In an industry where power and influence are measured in dollars and cents, this may be the most exclusive club in finance: The price of admission is at least $25 million.
It has no name and no board of directors but has a roster drawn from the world’s wealthiest and most successful traders. Members essentially become their own one-person firms, even firms within firms, by gaining a seal of approval to deal in the complex products typically reserved for institutions that manage hundreds of billions of dollars. And all without drawing the attention of Wall Street’s everyday millionaires.
Their ranks are getting more selective. While no one keeps count, people in the industry guesstimate that the total peaked at no more than 3,000 a decade ago and has shrunk considerably since the financial crisis. Months of interviews have yielded the identities of just 12 individuals who held the prize: an ISDA master agreement.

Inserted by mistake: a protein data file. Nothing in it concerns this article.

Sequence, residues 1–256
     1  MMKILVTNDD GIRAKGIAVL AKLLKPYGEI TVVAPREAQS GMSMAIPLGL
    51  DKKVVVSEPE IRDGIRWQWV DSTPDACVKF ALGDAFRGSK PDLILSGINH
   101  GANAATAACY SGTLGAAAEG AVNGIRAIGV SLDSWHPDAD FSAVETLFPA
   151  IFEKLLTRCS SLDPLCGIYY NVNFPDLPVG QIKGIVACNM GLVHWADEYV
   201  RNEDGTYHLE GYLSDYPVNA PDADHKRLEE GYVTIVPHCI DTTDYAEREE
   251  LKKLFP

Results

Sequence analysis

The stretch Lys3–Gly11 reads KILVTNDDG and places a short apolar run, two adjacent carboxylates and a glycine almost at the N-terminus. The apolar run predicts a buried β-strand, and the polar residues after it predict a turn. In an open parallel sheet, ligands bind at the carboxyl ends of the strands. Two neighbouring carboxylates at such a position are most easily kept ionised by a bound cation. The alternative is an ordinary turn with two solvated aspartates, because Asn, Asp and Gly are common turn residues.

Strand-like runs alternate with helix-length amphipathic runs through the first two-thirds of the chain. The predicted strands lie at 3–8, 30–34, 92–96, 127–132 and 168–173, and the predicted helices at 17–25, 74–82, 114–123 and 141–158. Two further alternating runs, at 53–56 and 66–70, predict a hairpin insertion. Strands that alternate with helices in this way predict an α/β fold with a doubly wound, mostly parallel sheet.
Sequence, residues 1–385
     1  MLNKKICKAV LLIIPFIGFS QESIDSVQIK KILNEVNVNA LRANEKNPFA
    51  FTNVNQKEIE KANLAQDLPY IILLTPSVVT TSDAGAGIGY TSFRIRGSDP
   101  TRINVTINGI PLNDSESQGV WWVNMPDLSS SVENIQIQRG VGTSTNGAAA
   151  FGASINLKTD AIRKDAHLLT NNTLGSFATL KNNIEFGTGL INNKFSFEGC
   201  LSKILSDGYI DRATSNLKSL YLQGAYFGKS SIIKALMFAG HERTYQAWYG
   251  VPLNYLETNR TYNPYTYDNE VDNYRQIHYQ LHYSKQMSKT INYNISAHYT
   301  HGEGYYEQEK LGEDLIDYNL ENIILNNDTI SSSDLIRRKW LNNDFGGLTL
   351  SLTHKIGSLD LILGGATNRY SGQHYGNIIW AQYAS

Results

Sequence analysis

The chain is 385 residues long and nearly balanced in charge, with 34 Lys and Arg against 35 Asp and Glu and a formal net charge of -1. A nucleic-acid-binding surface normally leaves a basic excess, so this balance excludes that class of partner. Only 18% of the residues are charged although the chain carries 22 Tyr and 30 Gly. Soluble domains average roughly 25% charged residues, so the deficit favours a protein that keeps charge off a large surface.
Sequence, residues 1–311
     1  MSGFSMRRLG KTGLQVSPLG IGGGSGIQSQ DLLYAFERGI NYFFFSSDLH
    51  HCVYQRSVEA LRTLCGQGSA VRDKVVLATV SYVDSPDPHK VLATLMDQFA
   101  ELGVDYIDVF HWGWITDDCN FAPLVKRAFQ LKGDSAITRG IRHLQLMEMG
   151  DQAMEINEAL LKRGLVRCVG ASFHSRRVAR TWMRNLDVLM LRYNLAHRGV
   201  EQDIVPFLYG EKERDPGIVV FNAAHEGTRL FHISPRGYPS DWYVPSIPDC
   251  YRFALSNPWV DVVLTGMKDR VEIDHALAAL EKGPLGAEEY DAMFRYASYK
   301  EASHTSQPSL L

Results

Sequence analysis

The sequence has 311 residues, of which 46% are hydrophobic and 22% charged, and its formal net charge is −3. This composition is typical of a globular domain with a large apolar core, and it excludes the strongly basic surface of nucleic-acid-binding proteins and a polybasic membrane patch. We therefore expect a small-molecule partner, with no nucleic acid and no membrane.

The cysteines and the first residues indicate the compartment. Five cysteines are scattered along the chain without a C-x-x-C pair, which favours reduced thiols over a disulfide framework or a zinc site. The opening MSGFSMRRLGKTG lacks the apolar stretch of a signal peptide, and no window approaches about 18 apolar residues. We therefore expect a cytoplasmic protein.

They have included hedge fund titans Chris Rokos and Michael Platt, as well as whales at Deutsche Bank AG and Goldman Sachs Group Inc., which became clients of their own employers.
In the $542-trillion market for over-the-counter derivatives, ISDA agreements set out the trading terms between two parties. In the vernacular of Adam McKay’s adaptation of Michael Lewis’s The Big Short, they represent “a hunting license” that lets an investor sit at the “big boy table and make high-level trades not available to stupid amateurs.” The firms that hand them out gain access to the most desirable customers possible.
More here – Bloomberg